We will continue to ensure that our estate reflects prison population demands, and in line with the falling population in the youth estate, I can also announce that we intend to negotiate a change to the function of HMYOI Ashfield and re-role it to a prison to hold adult male prisoners. I intend to work with the Youth Justice Board to review the operation of the youth estate to ensure that it provides effective education and training for young people while delivering value for money to the taxpayer.

Furthermore, I am conscious that women offenders have particular needs and that the custodial female estate should be organised as effectively as possible to meet gender-specific requirements while also delivering best value for the public. I have therefore asked officials to undertake a review of custodial arrangements for women. I expect this review to be completed by the summer.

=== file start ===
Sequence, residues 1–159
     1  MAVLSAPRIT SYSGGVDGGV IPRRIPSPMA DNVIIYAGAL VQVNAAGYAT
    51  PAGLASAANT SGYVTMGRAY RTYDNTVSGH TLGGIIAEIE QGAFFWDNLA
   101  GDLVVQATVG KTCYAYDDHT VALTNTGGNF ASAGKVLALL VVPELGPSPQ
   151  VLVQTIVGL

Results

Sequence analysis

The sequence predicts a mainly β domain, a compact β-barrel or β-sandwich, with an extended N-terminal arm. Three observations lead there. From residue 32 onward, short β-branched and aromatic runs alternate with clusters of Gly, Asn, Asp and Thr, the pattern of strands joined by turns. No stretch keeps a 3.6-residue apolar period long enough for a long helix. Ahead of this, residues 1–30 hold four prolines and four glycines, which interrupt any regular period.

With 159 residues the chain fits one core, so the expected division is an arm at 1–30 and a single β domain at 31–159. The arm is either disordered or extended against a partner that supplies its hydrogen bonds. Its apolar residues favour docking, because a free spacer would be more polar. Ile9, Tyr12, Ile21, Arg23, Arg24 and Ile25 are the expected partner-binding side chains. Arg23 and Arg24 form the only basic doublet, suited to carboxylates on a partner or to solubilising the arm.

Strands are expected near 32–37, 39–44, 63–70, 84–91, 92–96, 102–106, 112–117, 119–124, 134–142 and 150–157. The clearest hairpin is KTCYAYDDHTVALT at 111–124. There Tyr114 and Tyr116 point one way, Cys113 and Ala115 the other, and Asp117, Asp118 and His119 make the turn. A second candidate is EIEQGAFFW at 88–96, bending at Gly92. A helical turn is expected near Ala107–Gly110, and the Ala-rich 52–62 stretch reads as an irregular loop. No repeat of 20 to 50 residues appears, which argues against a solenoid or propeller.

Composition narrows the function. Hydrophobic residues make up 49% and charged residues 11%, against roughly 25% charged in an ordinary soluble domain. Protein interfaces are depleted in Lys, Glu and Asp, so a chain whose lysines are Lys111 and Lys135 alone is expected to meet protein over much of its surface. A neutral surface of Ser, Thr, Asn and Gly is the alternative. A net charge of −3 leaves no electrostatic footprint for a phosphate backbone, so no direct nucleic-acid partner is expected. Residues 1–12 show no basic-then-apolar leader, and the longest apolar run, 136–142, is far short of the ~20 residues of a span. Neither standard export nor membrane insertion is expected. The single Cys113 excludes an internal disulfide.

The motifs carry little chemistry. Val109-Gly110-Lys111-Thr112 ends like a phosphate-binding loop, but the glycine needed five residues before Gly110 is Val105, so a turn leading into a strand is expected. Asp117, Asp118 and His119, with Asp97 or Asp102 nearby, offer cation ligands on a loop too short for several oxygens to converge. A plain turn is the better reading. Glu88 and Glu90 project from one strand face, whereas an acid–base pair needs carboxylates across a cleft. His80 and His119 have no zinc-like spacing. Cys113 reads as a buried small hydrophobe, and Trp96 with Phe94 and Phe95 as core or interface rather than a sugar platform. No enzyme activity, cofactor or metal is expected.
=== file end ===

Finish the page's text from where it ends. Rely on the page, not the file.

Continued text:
As part of our strategy to modernise the estate and significantly reduce unit and overall costs, I have asked officials to explore options for building a new prison to enable us to accelerate the closure of uneconomic capacity across the rest of the estate. We will consider the feasibility of sites in the north west, north Wales and in London in line with demand for places in these regions and I will provide further details to the House as this work progresses.

Overall, this capacity reduction will save £63 million per year from the cost of running our prisons. These savings are in addition to the plans we have already set out to the House for how we propose to make significant cost reductions over the next few years through the application of an efficient benchmark for all public sector prisons, and through further competition of services.